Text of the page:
Prevention effects were observed for only some dimensions of drinking behavior, The dimension of greatest interest, negative consequences of drinking, shows the greatest effects. This is important not only because negative consequences measure the degree to which individuals may be harmed as a result of drinking, but also because the preventive intervention targeted individual choices and reduction of risk, rather than drinking rates per se. Our findings are consistent with the goals of harm reduction interventions, approaches that focus on minimizing the harmful effects of high-risk drinking. The duration of our prevention effects is also noteworthy. Modest differential changes in drinking quantity and frequency, described in our earlier report of 2-year outcomes, do not appear to persist for longer periods of time, yet we found significantly reduced negative consequences 3 1/2 years after the preventive intervention. We are unaware of other studies (much less randomized trials) of prevention efforts among college students that demonstrate such long-lasting effects.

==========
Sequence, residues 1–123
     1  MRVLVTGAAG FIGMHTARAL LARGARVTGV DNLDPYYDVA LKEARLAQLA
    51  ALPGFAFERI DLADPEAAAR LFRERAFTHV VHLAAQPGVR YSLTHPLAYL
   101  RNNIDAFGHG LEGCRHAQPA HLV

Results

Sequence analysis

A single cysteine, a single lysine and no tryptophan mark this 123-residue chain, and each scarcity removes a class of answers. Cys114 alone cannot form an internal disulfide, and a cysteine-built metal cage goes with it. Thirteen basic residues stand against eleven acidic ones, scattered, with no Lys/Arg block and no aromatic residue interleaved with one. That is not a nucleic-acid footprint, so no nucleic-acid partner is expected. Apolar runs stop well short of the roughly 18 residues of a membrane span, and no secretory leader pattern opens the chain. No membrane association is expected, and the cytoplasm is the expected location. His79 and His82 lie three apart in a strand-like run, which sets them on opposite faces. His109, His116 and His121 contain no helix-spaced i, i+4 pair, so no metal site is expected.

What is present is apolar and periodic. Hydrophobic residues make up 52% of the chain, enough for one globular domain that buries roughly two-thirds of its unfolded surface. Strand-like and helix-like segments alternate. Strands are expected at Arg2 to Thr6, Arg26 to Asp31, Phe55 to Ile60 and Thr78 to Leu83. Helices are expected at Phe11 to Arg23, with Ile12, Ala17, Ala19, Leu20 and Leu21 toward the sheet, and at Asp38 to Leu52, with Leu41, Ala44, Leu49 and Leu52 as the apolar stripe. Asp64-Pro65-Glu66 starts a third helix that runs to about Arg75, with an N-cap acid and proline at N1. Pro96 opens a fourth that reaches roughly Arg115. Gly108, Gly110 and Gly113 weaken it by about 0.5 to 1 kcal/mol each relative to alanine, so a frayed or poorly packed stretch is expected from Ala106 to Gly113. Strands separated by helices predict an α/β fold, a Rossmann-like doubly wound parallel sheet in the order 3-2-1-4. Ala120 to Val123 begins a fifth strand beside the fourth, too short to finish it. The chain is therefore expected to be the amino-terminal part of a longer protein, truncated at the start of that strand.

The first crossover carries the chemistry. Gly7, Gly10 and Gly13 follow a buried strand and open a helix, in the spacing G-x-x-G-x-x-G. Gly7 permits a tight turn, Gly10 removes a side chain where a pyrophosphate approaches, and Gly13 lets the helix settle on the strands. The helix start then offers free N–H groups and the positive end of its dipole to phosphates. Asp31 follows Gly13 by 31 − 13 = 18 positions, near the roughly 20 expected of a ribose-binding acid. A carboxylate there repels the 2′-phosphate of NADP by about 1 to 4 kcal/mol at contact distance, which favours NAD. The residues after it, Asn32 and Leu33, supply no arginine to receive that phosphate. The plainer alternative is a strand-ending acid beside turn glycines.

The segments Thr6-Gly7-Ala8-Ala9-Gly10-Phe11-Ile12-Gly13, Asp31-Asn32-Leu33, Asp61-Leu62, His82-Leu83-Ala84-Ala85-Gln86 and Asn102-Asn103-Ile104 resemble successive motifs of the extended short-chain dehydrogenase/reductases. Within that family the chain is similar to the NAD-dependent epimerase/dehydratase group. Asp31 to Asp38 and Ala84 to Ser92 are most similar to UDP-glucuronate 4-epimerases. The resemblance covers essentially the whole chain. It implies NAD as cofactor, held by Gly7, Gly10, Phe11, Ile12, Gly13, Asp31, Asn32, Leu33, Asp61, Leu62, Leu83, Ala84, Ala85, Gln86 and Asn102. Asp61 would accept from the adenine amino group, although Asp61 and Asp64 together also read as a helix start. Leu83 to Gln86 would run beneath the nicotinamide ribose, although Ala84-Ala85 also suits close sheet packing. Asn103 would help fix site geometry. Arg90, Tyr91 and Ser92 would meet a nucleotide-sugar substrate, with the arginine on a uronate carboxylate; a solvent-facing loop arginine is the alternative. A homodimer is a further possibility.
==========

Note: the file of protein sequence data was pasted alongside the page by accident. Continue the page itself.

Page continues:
- Baer, John S.; Kivlahan, Daniel R.; Blume, Arthur W.; McKnight, Patrick; Marlatt, G. Alan; Brief Intervention for Heavy-Drinking College Students: 4-Year Follow-Up and Natural History; American Journal of Public Health, Aug2001, Vol. 91 Issue 8

Personal Reflection Exercise #3
The preceding section contained information about a brief controlled drinking intervention for college freshmen.  Write three case study examples regarding how you might use the content of this section in your practice.

According to Baer, what was the most important result of the motivational-interview controlled drinking intervention? Record the letter of the correct answer the Answer Booklet